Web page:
They are accountable, via him and other MPs on the committee and via the independent Inspector General.

He was speaking after the acting head of the GCSB, Una Jagose, and the director of the SIS, Rebecca Kitteridge, appeared before the Intelligence and Security Committee on which Mr Little sits.

See GCSB – less intelligence now (Una Jagose told the committee ” today we collect less intelligence than we did seven years ago” and “What we do is lawful and authorised and necessary and proportionate and all of it…subject to independent oversight”.

A bit bizarrely Little has been told more in a secret briefing but can’t talk about it – but keeps saying that the Government ministers should talk more openly about it all.

After the public sessions, the directors and MPs on the committee headed for a secure room in the Beehive where classified material could be discussed.


…said later he could not discuss what was discussed in the closed session.

So Little is less worried about the GCSB activities than he was a week ago, he thinks Ministers should reveal more but he can’t reveal what he has been told in secret.

He seems to be trying to sound like he’s holding to account while conceding things aren’t as bad as he has previously thought and said.

GCSB – less intelligence now

The new (acting) GCSB head Una Jagose claimed they gather less intelligence than seven years ago, not more.

“As I understand it, today we collect less intelligence than we did seven years ago…there hasn’t been any radical shift upwards as has been suggested in the media.”

Stuff reports in GCSB spies ‘collecting less intelligence’

And Jagose tried to respond to questions on mass collection of data asked in just the second time the GCSB has appeared in public before the Parliament’s Intelligence and Security Committee.

Much of the committee was dominated by whether the security agencies are undertaking indiscriminate collection of emails, telephone calls and social media messages.

Labour’s Andrew Little tried to get to the bottom of whether the agency carries out mass surveillance or collection, and what is meant by “full-take collection”, as referenced in the Snowden documents.

“It is very difficult to answer the question about what does it mean because it means different things to different people,” Jagose said.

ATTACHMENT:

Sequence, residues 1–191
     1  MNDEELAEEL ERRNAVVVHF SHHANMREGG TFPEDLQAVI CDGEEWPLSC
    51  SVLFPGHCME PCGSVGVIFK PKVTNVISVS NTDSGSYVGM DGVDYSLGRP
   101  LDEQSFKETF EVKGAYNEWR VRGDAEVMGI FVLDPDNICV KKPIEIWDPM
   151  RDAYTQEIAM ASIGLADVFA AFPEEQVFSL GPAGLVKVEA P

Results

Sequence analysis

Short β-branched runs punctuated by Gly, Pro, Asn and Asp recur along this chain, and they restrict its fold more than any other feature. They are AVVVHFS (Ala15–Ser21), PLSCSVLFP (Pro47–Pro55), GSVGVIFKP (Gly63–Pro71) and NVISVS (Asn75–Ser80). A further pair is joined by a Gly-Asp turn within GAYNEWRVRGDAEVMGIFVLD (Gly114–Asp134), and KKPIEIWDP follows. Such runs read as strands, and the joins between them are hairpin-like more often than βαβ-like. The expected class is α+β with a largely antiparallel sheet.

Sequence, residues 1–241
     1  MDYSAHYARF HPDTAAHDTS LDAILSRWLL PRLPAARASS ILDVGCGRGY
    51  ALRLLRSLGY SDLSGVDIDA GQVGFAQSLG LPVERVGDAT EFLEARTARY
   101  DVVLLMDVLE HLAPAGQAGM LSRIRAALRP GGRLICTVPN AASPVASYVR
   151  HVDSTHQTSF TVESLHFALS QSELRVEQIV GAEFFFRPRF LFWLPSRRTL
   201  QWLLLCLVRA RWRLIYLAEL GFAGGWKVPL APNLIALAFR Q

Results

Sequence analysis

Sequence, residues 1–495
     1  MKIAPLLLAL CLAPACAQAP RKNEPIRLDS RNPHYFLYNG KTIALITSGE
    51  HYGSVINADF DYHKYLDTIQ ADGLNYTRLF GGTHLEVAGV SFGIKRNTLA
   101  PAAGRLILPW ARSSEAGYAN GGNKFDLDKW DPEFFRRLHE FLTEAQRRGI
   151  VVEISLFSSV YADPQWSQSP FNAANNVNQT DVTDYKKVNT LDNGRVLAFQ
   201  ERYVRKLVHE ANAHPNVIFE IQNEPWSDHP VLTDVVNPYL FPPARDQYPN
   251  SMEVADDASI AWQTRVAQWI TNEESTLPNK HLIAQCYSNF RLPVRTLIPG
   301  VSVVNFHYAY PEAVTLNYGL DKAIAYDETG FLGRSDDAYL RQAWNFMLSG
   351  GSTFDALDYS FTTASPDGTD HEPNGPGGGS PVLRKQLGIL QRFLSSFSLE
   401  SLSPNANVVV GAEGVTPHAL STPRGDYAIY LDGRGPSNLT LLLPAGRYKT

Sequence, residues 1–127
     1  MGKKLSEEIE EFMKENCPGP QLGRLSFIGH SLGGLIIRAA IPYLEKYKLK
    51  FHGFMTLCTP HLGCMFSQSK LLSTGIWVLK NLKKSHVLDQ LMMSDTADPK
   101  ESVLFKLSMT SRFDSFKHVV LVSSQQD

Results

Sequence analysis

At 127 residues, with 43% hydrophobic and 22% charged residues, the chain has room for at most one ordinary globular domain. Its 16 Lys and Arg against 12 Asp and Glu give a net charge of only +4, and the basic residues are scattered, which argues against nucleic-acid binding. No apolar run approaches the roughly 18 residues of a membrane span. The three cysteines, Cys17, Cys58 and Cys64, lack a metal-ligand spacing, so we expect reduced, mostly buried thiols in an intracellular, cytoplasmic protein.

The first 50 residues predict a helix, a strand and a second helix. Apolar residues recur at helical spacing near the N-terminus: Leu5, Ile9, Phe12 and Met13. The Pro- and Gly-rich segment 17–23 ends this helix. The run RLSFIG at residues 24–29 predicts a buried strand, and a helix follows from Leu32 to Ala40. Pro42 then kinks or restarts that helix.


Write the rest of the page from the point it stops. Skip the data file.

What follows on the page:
“The connotation that I get from those phrases is some indiscriminate, for no purpose, not necessary collection of information for collection’s sake and we do not do that.

“What we do is lawful and authorised and necessary and proportionate and all of it…subject to independent oversight and you don’t have to take that from me. The public can take that from the systems that are to test that.”

On “full-take”, Jagose opted not to answer directly, citing a “tension” between the bureau’s need for secrecy and the public demand for transparency.

“I will not discuss matters that are or are not operational, details of the bureau, because that is not safe to do so… it is very difficult to say ‘yes we do some things, we don’t do some things.’ That is exactly the sorts of things that people who don’t have our interests at heart – and I don’t mean New Zealanders when I say that – people that are acting against New Zealand’s interests will find that information useful so we keep it close.

“But we don’t keep it from the Inspector General, the Commissioner [of Warrants], this committee.”

Jagose, and Security Intelligence Service director Rebecca Kitteridge, spent time detailing the oversight mechanisms both agencies are subject to.  Jagose says all collection of information by her agency must be done under a warrant.

“The very collection of information is authorised… so it’s not that we collect information and then seek authorisation for particular target issues. Everything we collect is authorised… the speculation in the public is that there is this wild collection of information for no purpose and then we have a look at it. In fact, collection is done for a purpose, and authorised.”

That’s certainly not what some of the more suspicious (or paranoid) anti-spy activists think. Some claim everything is collected and everything is stored by the USA forever.

David Shearer asked if it applied to all foreign intelligence surveillance.

“If we have a foreign intelligence target that we want to intercept, or otherwise access their communications, yes that is warranted,” she said. Inadvertently collected material from New Zealanders is destroyed, she said.

Little and Shearer also wanted details about how information was shared with countries in the Five Eyes intelligence alliance, which includes the US, Britain, Canada and Australia.

“We share training, we share resources but we don’t collect information for them. We collect the information for New Zealand and New Zealand purposes,” Jagose said. “Our Five Eyes partners also need to show why they need to see information, show it that it is lawful that they can look at that information.”